No love for Rammstein?
The Times published Mikael Wood’s review of the Morgan Wallen concert [“Live, Back From Brink, Sept. 26]but nothing about Rammstein’s triumphant two-night adventure at the Colosseum.
Fans have waited more than two and a half years for the show after two COVID postponements and they were not disappointed. The audience was treated to a fantastic performance unlike anything ever seen in rock music.
Thousands and thousands of fans cheered for a band that sings mainly in German. Aside from BTS, I don’t think there are any other non-English speaking acts that have scaled the same heights as the former East Germans. That fact alone should have warranted a review.
Maybe the next time?
Rules of the ‘king woman’
Regarding Carlos De Loera’s online article “Viola Davis responds to #BoycottWomanKing: Story ‘Is Fictionalized. Must be'” [Sept. 20]: The movie “Woman King” is more than a movie. It is a towering epic, a morsel of history, a dose of truth, a dream come true, a beautiful and brave heroic pinnacle always denied to blacks, a reflection of greatness and courage in the face of the ruin of white rule.
Women were shown as teachers, comrades, warriors helping and supporting each other, as they did before the divisive culture of capital was imposed on them.
The traditional religion of much of West Africa, Ifa, was shown with respect and authenticity, without apologies and without missionaries or imams to spoil its deep depth of beauty and spirituality. Without dilution of its truth.
When white people made “Braveheart,” “Troy,” “Exodus,” “The Patriot,” and the thousands of cowboy movies that colored my childhood and enabled collective white pride and confidence, no one questioned their historical veracity.
But make a movie, an epic to give black people collective pride and confidence, and you will be discredited. Again.
Daytime Dramas Now Streaming
Some reflections on [“Wildest Cliffhanger Yet in Soap’s History,” Sept. 22]Meredith Blake’s article on the migration of “Days of Our Lives” to Peacock.
Soap operas were among the first programs to move from radio to television, and this movement is likely to be a benchmark as well. In a few years, free TV streaming will probably look a lot different, with all new creative content streaming or behind a paywall.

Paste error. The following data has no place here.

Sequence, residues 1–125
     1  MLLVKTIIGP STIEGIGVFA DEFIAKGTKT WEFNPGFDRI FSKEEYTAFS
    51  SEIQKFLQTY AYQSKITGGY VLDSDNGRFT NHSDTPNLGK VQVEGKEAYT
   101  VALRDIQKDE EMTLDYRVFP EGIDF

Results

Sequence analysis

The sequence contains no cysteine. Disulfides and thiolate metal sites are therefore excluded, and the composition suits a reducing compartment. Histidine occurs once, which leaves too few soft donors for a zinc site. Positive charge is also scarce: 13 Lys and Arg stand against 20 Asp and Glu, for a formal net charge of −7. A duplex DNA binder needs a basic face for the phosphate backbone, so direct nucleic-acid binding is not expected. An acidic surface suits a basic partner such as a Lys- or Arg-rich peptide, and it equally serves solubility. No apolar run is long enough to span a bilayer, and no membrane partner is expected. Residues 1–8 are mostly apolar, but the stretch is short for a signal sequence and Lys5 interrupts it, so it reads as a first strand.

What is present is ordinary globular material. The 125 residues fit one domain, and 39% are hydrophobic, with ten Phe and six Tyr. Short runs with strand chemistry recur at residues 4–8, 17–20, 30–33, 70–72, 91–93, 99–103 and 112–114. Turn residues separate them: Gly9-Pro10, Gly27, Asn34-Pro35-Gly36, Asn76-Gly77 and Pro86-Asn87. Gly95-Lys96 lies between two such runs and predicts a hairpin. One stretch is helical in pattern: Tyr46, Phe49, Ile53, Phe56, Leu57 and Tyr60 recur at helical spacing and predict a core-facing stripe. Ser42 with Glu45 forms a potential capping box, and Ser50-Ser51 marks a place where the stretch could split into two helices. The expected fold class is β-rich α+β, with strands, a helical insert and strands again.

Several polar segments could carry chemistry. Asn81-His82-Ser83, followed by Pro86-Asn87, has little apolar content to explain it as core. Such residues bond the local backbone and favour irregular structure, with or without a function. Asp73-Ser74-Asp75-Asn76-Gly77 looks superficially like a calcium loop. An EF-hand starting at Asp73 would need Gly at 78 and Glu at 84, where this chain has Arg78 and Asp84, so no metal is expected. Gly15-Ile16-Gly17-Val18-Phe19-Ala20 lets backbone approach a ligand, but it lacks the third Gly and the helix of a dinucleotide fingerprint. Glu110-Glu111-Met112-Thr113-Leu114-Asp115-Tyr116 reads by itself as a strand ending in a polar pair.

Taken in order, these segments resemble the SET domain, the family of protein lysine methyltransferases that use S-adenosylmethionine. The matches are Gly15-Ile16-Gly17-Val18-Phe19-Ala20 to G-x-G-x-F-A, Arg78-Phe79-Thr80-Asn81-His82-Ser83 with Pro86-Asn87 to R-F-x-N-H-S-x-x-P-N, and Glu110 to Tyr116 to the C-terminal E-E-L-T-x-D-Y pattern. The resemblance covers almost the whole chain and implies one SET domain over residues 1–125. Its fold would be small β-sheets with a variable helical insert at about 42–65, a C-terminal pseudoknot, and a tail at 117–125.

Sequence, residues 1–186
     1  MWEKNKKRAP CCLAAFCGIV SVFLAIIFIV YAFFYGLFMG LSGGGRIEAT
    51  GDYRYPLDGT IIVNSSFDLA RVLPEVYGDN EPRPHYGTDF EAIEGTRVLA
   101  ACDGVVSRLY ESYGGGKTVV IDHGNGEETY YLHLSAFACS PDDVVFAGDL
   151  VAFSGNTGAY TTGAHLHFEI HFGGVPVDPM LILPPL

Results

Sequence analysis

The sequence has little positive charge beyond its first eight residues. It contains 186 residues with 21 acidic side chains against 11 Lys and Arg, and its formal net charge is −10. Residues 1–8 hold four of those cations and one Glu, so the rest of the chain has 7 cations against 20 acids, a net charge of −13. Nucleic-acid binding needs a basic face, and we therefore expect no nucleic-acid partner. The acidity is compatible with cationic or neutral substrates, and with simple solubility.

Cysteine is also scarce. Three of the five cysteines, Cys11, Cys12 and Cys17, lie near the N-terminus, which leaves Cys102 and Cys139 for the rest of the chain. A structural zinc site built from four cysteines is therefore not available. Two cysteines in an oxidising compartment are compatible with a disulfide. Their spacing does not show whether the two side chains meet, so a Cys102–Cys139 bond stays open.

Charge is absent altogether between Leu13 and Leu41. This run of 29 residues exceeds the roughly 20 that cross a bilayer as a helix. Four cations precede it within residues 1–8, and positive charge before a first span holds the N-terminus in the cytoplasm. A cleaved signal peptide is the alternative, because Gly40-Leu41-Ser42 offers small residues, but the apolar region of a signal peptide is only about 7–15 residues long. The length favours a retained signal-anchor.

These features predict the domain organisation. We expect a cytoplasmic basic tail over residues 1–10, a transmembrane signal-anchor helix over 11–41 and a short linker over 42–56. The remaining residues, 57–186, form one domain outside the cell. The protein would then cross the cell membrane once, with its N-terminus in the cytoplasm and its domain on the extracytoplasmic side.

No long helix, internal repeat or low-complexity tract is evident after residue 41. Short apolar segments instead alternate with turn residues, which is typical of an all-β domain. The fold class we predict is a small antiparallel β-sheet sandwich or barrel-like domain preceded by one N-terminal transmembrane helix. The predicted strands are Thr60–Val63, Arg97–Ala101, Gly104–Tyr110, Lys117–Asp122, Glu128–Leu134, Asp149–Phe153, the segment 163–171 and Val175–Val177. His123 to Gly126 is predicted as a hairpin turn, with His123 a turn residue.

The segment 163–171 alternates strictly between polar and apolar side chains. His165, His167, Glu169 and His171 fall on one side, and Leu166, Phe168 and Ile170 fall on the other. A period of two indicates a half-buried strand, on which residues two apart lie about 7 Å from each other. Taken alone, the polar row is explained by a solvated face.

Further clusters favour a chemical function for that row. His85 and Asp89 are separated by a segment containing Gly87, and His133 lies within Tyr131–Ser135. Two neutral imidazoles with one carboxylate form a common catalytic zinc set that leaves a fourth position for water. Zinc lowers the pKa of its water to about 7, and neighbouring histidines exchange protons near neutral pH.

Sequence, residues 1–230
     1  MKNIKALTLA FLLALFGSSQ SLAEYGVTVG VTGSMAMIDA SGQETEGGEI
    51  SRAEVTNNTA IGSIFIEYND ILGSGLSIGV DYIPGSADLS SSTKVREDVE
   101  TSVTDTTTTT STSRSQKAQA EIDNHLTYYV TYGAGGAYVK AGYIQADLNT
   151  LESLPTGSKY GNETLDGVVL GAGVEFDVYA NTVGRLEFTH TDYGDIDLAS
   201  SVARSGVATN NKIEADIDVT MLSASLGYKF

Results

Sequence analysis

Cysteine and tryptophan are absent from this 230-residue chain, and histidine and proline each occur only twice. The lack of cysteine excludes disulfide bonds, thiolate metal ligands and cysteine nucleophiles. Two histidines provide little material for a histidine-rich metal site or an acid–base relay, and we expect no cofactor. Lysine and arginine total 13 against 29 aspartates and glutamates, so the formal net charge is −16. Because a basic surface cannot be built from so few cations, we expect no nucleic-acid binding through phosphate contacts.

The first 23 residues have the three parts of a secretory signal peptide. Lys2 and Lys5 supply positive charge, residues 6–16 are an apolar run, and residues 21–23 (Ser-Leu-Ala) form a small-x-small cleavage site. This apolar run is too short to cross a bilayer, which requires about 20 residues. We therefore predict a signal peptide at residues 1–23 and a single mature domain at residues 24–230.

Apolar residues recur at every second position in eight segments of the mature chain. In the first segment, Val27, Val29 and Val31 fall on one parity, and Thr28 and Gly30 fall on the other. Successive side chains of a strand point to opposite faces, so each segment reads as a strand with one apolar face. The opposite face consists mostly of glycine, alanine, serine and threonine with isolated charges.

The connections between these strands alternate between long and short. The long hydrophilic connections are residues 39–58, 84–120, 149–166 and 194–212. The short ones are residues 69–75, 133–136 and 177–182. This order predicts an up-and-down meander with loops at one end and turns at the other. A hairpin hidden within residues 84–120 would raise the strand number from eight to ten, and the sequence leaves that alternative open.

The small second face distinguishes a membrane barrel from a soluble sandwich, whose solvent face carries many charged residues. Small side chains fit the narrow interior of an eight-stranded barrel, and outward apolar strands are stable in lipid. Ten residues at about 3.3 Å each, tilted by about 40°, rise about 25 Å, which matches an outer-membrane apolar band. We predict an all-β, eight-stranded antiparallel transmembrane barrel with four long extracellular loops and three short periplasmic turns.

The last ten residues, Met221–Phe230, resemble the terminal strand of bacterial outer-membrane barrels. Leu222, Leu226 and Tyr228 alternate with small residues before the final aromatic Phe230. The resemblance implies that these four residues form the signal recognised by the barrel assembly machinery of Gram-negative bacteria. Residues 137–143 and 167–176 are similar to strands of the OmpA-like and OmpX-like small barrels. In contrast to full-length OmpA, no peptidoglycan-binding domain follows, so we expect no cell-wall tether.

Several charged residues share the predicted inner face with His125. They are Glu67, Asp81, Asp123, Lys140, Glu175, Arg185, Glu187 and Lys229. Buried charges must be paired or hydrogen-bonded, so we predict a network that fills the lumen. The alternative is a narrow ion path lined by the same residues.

My favorite shows have been off the air for a decade, but at their best, they were like excellent repertory theater, drawing on the theater’s rich writing and acting talent, giving us glimpses into the lives of the characters: his humanity, his joys. and sorrows
Here’s hoping that the costumes can find the balance between art and commerce in the 21st century, and that the storytellers can find their way back to the heart and soul of these shows – the drama of romance, to be sure. but also the sense of family. , community and connection, a fascinating topic to explore in life and in fiction.
It is a sentiment summed up by saying that my favorite program recited every day: “There is a destiny that makes us brothers; no one goes his way alone. Everything we send into the lives of others, returns to ours.
Ken Burns’ Unmissable Television
For years, I have been spouting an almost identical version of the phrase Robert Lloyd uses to conclude his critique. [“A Chilling Warning to All of Us,” Sept. 19] from Ken Burns’ latest revelation, “America and the Holocaust”: “…the people who most need to see it are the least likely to.”
There is not much anyone can do to change that reality, because turning on the television and chaining people to their seats is not usually done in this country. However, those who are actually watching it can benefit from the results: heightened vigilance, personal preparation, knowing our enemies, and confronting the scapegoating tendencies of human nature through the ages.
LA Metro has problems
Excellent online article by Carolina Miranda [“L.A. Metro Has Problems Besides Crime and Ridership: It’s in the Design,” Sept. 17], correctly identifies design (actually programming) flaws in LA Metro’s subway stations. Many years ago, actually decades, when the subway stations were designed but before construction, my company participated in a study of the immediate area around the Santa Monica/Vermont station.
We analyze possible development scenarios that could benefit and be a benefit for the station. The MTA had a policy of no retail and no restrooms inside stations, saying it would be too difficult to manage. Robert Millar, the artist working with our team, proposed several small shops along with restrooms as an artistic component in the station plaza at street level. His argument “there is no art in an empty square”. Needless to say, his vision did not come to fruition.
Today, we are in the construction of a much-needed affordable housing project that will bring Robert’s vision to life with retail and food stores surrounding the currently empty plaza.
But it should have happened years ago and should have included shops and toilets in the underground station.